Report Card

It’s approaching the end of the school year, and as my son prepares for a variety of exams and final papers, I think about the report card.

Not his. Mine.

As he continues his last push toward graduation, I find myself wondering what sort of marks I would receive as his parent. Of course, I wish I’d thought to do this two or three years ago, when I could have responded to feedback and adjusted accordingly.

Corporate Echoes

During my corporate career, performance reviews were a regular part of the ongoing work process. Not only were there planned annual evaluations – hierarchical, team, and peer processes – but informally touching base with co-workers and managers was the norm.

Who doesn’t need feedback – preferably in a constructive, ongoing fashion?

Performance reviews are a tried-and-true tool, so why wouldn’t they offer transferable value in parenting – or other aspects of our lives? Isn’t this exactly the concept behind the progress reports to parents in between report cards, so no one is surprised at the end of the semester? So you have a chance to prevent failure?

Relationship Realignment

And while we’re evaluating the applicability of, well… evaluating – why not introduce a similar concept into our relationships? Our marriages?

Some of us hold family meetings that involve children, but do couples periodically review their interactions? Their efforts and accomplishments when it comes to communication, to shared affection, to dividing up the household tasks, to simply having fun together? Oh – I’m not proposing a formalized meeting mind you, but then again, why not an occasional discussion of how things are going, and with specifics?

Couldn’t report cards be helpful, if they highlighted areas for improvement and offered opportunities to celebrate when expectations have been exceeded? Or am I oversimplifying?

Parenting, Single Parenting, Veto Power

As a single / solo parent, I’ve tried to listen, observe, and adjust my style over the years. When you’re carrying the ball alone, it’s easy to be so focused on forging ahead that you’re afraid to hesitate. To show weakness or to consider alternatives. But sometimes children will suggest them, directly or through their behaviors.

So what about it?

  • Would you ask your kids to complete a report card for you?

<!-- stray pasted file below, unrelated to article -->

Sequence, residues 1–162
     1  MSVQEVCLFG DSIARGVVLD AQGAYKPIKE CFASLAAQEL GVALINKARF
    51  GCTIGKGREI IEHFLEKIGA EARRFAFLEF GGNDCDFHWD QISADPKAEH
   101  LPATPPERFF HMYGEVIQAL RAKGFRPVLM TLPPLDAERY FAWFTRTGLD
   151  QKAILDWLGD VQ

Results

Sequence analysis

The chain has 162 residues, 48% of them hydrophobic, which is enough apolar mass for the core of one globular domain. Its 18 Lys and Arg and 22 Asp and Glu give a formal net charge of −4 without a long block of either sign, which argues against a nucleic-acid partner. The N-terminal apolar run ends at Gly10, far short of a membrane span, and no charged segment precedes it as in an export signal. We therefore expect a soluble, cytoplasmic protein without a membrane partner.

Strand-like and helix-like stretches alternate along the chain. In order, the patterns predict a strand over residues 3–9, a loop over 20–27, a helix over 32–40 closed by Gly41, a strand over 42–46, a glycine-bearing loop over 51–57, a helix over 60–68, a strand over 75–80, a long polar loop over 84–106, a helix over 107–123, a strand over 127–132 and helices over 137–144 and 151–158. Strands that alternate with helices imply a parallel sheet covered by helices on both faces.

• What subject matter would you include for grading purposes?
  • Should we – as mothers and fathers – ask our kids devise a scoring system, and assess our performance?

Naturally, we would reserve the right to “weight” their judgments with our adult perspective, and to provide the starter-kit of topics for grading and discussion. But what if we also let them add their criteria? Wouldn’t this lead to revelations, possible paths for improvement, and likely a lot of laughter?

Assessing and Adjusting

Looking ahead to this weekend, and a Mother’s Day that will likely be very low-key, the best gift would be high marks from my sons on my parenting performance.

As for relationships, you never know who you haven’t met yet, or if you’ve met someone special who may eventually play a significant role. In that light, my romantic report card will wait, and I’ll see what the future may bring. As for that topical assessment, I imagine the subject matter would be a little different, and likewise, any celebration of a favorable outcome.

© D. A. Wolf



  1. batticus says

    If you find yourself in a book store searching for your Mother’s Day read, pickup a book about a mom we all owe a debt to called “The Immortal Life of Henrietta Lacks”, highly recommended.

    • BigLittleWolf says

      Interesting perspective, Ms. HalfEmpty. It wouldn’t have occurred to me to be competitive about the actual grade. I’d be much more interested in the areas my sons might note where I need to improve, not to mention the subjects they might add to my parenting duties that I would never think of.

      As I consider this, perhaps the report card should be modified at different stages (just like subject matter in school). What an 8-year old might say (and of course, need) versus a 13-year old or a 16-year old are all quite different, just as the parenting challenges are. I’ll have to check out the post you mention. And thanks for joining the discussion!

  2. says

    Our eight year old grades us on a curve. He’ll say things like, “T. has his own iPad,” and “J. gets ten dollars a week for an allowance,” and “N. can watch all the TV he wants.” I think it translates to a D. Is there a make up class?

    • BigLittleWolf says

      Seems to me, Wolf, that if your 8-year old does not have his own iPad, does not get $10/week, and can not watch all the TV he wants – you deserve an A.

  3. says

    BLW, the post I mention is completely in jest (a passive aggressive note). But I thought it was interesting that I saw it shortly after reading your post. So some kids do actually give their parents grades!

  4. says

    This reminded me of living in New York in the 80s when Ed Koch would run around asking, “How am I doing?” It also reminded me of my father-in-law who was an “easy grader” on movies, always finding something to like or appreciate. I was much more cynical back then, but as I age I find I’m becoming an easier grader myself, caring more about what people were going for, rather than if they achieved some ultimately subjective level of success. Still, I think asking our kids (and each other) for feedback is a great way to learn and grow—yet it’s the quality of the relationships that interest me more than the objectives of performance.

Leave a Reply

Your email address will not be published. Required fields are marked *

CommentLuv badge